Evictions are an inescapable component of the work of South End property managers and landlords. When dealing with a problematic tenant, eviction is not always the wisest course of action. Both you and your tenant may have to spend time and money on the eviction process. Usually neither the landlord nor the tenant profits from the eviction proceedings. Because of that, evicting a renter is not always the best option. Discovering more beneficial alternatives to eviction in these situations will definitely benefit both you and your tenant.
Your Otherwise Good Renter Falls Behind on Rent
Possessing a great rental property requires a tenant that is trustworthy. Even decent renters can occasionally experience financial setbacks, lose their jobs, or otherwise find themselves unable to make their rent payments. It’s undeniable that not paying the rent violates their lease, and that should be understood by all the parties involved. However, it might not be appropriate to evict a tenant who has missed one or more rent payments. This is certainly true if the tenant has a reputation for paying on time and keeping up with the cleaning and repair of the property.
In such situations, it may be preferable to work with your renter to find a means to assist them in catching up on missed rent payments as an alternative to eviction. This might be a terrific strategy to avoid the price of evicting and replacing your renter while also winning your renter’s sincere gratitude, provided that the renter’s financial issues are momentary. In the long run, this strategy is more likely to help you recover all of the unpaid rent and keep a good renter if you’re ready to suffer a small financial cost in the short term.
You Don’t Have Clear Legal Grounds
In certain occasions, eviction could generate more legal issues than it would solve. You should stay away from them at all costs. The vagueness of your legal grounds for eviction is an example of these problems. If your tenant has complained about the habitability of the property, either to you or to the neighborhood housing authority, and you haven’t taken action to resolve the complaint, your attempt to evict the tenant may be seen as retaliatory and could be rejected.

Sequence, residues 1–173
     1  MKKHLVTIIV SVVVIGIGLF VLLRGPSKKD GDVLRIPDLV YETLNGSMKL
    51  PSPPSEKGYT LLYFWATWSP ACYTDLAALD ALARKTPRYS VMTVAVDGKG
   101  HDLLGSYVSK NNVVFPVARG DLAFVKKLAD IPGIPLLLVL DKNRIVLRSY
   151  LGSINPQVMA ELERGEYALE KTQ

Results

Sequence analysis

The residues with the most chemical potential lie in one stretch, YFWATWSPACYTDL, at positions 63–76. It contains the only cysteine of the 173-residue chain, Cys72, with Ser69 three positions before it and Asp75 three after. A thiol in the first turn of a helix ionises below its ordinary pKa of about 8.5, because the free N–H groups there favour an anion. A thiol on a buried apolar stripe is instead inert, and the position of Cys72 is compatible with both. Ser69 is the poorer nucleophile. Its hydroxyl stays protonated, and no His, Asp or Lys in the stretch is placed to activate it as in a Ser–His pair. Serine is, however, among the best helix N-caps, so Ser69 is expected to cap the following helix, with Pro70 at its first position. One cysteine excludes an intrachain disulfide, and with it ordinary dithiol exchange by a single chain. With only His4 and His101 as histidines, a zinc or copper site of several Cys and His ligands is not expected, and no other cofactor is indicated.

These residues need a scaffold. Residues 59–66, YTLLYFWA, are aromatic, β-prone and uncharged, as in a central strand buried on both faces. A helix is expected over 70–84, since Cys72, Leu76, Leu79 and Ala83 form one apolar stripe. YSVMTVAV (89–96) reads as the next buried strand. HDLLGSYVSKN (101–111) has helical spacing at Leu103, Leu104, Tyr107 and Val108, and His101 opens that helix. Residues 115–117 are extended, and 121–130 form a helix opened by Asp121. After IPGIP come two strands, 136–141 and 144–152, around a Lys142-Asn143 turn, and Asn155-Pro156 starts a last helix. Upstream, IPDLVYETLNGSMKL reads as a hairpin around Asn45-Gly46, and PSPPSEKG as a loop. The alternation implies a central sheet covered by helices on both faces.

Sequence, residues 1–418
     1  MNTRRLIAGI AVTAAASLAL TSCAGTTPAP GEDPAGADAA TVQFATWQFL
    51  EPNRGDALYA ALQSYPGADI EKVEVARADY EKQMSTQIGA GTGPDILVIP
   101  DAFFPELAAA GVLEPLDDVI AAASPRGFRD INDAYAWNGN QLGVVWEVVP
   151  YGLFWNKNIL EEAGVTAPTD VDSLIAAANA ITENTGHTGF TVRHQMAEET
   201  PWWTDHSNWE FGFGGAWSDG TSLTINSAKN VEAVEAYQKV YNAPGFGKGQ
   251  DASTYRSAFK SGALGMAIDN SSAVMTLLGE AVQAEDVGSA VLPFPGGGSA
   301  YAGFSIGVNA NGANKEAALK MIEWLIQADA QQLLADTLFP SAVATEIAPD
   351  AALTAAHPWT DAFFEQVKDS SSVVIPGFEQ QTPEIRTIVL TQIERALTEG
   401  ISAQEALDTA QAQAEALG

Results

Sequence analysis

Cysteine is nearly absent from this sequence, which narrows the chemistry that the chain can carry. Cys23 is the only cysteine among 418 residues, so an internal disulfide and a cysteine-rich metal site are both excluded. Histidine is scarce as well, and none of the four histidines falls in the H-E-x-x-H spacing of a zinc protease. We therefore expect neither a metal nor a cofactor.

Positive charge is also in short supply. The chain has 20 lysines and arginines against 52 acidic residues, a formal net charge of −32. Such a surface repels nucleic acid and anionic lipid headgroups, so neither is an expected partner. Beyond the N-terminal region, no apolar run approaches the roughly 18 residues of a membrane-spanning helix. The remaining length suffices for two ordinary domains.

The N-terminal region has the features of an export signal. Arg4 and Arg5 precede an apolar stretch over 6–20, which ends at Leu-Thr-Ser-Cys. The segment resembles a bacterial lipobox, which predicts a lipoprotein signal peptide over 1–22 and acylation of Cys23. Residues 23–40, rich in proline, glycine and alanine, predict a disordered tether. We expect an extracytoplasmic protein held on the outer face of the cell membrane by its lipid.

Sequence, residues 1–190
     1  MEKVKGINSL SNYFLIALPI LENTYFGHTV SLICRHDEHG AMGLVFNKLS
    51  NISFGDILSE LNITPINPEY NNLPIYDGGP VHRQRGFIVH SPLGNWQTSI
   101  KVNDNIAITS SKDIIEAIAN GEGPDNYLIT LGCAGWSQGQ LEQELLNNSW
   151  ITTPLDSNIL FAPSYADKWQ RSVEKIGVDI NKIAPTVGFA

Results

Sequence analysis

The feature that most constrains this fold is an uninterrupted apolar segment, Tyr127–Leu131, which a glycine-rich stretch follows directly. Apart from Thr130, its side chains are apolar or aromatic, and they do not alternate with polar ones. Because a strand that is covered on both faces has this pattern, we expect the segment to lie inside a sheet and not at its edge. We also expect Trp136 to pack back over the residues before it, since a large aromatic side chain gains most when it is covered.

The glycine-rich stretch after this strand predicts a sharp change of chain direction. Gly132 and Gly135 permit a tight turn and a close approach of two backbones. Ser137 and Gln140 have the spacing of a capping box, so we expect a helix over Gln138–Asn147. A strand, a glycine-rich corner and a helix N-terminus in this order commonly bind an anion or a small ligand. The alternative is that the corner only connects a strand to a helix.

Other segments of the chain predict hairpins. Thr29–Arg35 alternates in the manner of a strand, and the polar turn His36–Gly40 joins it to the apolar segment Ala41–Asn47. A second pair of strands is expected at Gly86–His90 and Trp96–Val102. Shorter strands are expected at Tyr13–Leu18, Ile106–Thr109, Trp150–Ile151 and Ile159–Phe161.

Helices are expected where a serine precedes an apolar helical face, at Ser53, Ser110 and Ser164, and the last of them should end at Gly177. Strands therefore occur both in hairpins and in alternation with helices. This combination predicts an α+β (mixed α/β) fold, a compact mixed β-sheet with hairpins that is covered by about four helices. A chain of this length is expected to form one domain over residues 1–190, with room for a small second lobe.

Another scenario would be if your eviction could be presumed as discrimination against a tenant who is a member of a protected class. Under the federal Fair Housing Act, it is prohibited to evict a tenant on the premise of their age, religious practice, family status, color of skin, or sexual preferences. Your tenant may sue you if your eviction is found to be discriminatory.
Finally, use caution when accepting partial rent payments both before and after attempting to remove a tenant for failure to pay rent. Accepting any rent from the tenant could result in you losing your ability to evict them legally and putting yourself in an extremely challenging position. This is because receiving partial payments creates an unspoken agreement between you and your tenant that a judge will likely consider a continuance of your lease arrangement, even if it is not in writing. It is advisable to wait till the issue is clearer if you don’t have definite legal justifications for eviction.
You’d Rather Keep Your Money
The cost of the eviction procedure goes beyond merely the associated legal expenditures. If your tenant knows you’ll be attempting to evict them from the rental property, there’s a good chance they’ll stop paying rent, and most likely, they’ll stop paying for maintenance or cleaning of the property as well. Typically, this results in both missed income and increased cleaning and repair bills.
Think about the possibility of paying your renter to leave rather than going through the expense and trouble of eviction. This sort of “cash for keys” arrangement can help a renter who is struggling financially to leave on good terms or persuade a stubborn renter to leave sooner rather than later. You may think it’s pretty weird to offer money to someone who owes you money, but a lump sum cash payment of several hundred dollars is considerably less than the cost of evicting the tenant.
Avoid Eviction with Quality Property Management
Seeking a respectable tenant with a strong track record of on-time rent payments is one of the best techniques for avoiding evictions entirely. Though, this might be difficult, particularly if you have other responsibilities to complete. At Real Property Management Commonwealth, we meticulously evaluate all rental applicants to get only the best potential tenants for your property. Then, if problems should emerge in the future, our South End property management specialists can assist you in identifying the best way to proceed. Contact us online today to learn more!
We are pledged to the letter and spirit of U.S. policy for the achievement of equal housing opportunity throughout the Nation. See Equal Housing Opportunity Statement for more information.